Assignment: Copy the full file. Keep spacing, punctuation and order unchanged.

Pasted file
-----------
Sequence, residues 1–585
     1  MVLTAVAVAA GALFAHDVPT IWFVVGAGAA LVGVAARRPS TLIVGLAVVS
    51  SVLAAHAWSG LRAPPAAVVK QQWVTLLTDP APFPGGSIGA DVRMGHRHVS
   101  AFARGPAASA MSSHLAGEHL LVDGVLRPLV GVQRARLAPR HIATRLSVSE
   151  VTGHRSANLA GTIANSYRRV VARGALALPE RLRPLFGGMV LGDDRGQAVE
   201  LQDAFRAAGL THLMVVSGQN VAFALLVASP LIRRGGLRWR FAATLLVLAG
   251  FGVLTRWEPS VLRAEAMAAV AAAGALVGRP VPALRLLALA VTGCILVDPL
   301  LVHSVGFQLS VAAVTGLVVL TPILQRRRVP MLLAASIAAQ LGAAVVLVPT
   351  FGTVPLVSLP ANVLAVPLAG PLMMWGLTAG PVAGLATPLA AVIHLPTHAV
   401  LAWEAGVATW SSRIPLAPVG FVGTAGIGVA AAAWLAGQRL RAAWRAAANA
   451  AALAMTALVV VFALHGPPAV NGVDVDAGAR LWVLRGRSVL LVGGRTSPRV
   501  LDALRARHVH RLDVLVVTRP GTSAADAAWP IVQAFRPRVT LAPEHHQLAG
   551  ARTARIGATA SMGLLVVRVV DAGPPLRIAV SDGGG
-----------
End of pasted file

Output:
Sequence, residues 1–585
     1  MVLTAVAVAA GALFAHDVPT IWFVVGAGAA LVGVAARRPS TLIVGLAVVS
    51  SVLAAHAWSG LRAPPAAVVK QQWVTLLTDP APFPGGSIGA DVRMGHRHVS
   101  AFARGPAASA MSSHLAGEHL LVDGVLRPLV GVQRARLAPR HIATRLSVSE
   151  VTGHRSANLA GTIANSYRRV VARGALALPE RLRPLFGGMV LGDDRGQAVE
   201  LQDAFRAAGL THLMVVSGQN VAFALLVASP LIRRGGLRWR FAATLLVLAG
   251  FGVLTRWEPS VLRAEAMAAV AAAGALVGRP VPALRLLALA VTGCILVDPL
   301  LVHSVGFQLS VAAVTGLVVL TPILQRRRVP MLLAASIAAQ LGAAVVLVPT
   351  FGTVPLVSLP ANVLAVPLAG PLMMWGLTAG PVAGLATPLA AVIHLPTHAV
   401  LAWEAGVATW SSRIPLAPVG FVGTAGIGVA AAAWLAGQRL RAAWRAAANA
   451  AALAMTALVV VFALHGPPAV NGVDVDAGAR LWVLRGRSVL LVGGRTSPRV
   501  LDALRARHVH RLDVLVVTRP GTSAADAAWP IVQAFRPRVT LAPEHHQLAG
   551  ARTARIGATA SMGLLVVRVV DAGPPLRIAV SDGGG